Another court case against Baptists for unregistered religious activity is continuing in Bulaevo in North Kazakhstan Region, Baptists told Forum 18. On 27 January the case against Galina and Tatyana Kiryushkina – two sisters aged respectively 68 and 76 – was returned by a court to Bulaevo Police for further investigation.
In the southern town of Kentau, Jehovah's Witness may be making progress in resolving their property problems (see F18News 19 December 2008 http://www.forum18.org/Archive.php?article_id=1233). On 21 January Kentau City Court closed the case brought for use of a property for worship, and on 26 January the Akim (head of the local authority) cancelled a decision made in June 2008 alleging violation of planning rules by using a house for religious purposes. However, Jehovah's Witnesses told Forum 18 on 11 February that "we are waiting for the City Architecture Department to authorise the use of the house." (END)
For a personal commentary on how attacking religious freedom damages national security in Kazakhstan, see F18News http://www.forum18.org/Archive.php?article_id=564.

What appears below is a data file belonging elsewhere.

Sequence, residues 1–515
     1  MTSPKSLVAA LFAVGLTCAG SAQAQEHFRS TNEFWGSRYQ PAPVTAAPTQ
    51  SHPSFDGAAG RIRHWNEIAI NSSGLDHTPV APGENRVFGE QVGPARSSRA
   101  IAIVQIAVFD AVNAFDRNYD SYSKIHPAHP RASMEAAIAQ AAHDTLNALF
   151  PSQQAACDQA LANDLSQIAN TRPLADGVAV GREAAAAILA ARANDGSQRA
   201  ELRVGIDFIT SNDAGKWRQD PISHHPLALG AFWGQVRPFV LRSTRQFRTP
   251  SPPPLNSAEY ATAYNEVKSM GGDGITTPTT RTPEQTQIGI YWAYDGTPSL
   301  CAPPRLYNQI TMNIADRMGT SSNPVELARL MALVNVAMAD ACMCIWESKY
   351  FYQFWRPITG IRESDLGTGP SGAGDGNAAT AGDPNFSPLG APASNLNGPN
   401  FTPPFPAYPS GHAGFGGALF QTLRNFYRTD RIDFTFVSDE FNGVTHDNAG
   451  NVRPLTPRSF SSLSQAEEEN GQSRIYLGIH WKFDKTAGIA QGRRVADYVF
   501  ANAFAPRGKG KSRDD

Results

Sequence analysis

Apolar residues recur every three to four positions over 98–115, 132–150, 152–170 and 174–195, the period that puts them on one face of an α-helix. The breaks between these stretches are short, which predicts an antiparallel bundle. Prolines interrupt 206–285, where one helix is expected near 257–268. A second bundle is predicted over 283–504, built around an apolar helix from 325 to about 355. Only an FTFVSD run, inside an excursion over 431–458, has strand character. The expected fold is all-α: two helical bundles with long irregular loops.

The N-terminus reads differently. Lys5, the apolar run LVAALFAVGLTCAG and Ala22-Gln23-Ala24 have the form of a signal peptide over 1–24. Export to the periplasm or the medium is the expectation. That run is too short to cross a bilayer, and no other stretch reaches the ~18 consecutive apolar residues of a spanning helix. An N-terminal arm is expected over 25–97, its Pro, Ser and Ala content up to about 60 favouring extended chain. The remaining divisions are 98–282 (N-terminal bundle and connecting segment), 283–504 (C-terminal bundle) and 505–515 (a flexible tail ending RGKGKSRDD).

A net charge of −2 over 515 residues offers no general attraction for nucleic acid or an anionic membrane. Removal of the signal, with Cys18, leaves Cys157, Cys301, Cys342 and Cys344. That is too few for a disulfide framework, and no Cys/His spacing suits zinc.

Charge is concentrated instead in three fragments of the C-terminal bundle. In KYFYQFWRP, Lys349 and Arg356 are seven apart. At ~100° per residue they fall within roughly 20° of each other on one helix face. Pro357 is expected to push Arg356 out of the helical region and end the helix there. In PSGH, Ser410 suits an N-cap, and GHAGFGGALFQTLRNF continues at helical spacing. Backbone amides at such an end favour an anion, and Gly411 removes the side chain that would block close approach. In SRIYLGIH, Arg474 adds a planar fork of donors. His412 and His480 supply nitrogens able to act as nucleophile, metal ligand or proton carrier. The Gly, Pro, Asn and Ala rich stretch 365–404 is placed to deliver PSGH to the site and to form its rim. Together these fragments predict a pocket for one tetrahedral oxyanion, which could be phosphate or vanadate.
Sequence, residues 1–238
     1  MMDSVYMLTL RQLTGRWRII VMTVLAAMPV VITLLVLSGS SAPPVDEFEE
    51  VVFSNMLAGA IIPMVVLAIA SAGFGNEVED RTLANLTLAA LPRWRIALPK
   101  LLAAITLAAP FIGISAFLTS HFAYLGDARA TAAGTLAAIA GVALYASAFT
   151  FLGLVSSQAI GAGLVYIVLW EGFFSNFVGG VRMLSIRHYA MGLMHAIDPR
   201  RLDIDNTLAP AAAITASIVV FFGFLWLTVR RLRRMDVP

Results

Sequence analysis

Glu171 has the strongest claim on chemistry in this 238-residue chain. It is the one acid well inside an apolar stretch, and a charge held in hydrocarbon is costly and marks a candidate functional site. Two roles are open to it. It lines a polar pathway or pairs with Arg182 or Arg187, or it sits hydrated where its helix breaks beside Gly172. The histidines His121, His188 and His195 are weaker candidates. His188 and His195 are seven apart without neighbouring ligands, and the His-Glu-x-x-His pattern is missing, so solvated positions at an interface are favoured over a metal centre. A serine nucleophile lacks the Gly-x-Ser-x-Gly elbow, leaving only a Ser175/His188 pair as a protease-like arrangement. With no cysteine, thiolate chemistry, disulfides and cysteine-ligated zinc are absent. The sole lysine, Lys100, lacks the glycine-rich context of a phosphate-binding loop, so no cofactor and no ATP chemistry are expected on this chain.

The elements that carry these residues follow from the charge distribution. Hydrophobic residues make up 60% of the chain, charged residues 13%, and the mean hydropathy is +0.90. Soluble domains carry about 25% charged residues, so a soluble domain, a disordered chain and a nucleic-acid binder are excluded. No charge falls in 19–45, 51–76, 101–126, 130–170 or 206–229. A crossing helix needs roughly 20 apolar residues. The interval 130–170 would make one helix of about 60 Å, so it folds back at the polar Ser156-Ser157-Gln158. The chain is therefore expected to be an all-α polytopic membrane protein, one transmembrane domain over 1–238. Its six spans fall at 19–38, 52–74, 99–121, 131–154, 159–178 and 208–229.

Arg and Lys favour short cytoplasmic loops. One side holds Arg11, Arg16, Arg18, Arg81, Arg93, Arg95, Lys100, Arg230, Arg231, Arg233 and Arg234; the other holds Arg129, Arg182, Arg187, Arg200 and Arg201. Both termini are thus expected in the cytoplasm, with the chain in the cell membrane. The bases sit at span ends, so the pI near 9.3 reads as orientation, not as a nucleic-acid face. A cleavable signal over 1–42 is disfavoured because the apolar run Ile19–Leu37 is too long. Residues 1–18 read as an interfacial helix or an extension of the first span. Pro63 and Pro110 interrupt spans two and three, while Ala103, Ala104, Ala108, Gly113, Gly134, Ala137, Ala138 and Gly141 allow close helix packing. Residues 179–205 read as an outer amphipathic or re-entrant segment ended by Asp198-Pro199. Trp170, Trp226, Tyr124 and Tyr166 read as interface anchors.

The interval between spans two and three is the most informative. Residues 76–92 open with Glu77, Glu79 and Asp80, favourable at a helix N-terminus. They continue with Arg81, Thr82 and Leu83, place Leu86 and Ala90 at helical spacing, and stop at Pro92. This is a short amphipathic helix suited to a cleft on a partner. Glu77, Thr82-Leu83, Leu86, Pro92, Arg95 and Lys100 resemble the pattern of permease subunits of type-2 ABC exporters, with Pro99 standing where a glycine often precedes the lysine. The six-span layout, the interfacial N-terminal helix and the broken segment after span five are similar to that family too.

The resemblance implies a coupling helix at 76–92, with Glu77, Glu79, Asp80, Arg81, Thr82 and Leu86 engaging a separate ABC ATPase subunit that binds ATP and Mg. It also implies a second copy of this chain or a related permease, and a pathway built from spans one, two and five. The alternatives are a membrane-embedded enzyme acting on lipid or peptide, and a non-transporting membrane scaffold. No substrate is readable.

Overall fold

For more background, see Forum 18's Kazakhstan religious freedom survey at http://www.forum18.org/Archive.php?article_id=701.
More reports on freedom of thought, conscience and belief in Kazakhstan can be found at http://www.forum18.org/Archive.php?query=&religion=all&country=29.
A survey of the religious freedom decline in the eastern part of the Organisation for Security and Co-operation in Europe (OSCE) area is at http://www.forum18.org/Archive.php?article_id=806 and a survey of religious intolerance in Central Asia is at http://www.forum18.org/Archive.php?article_id=815.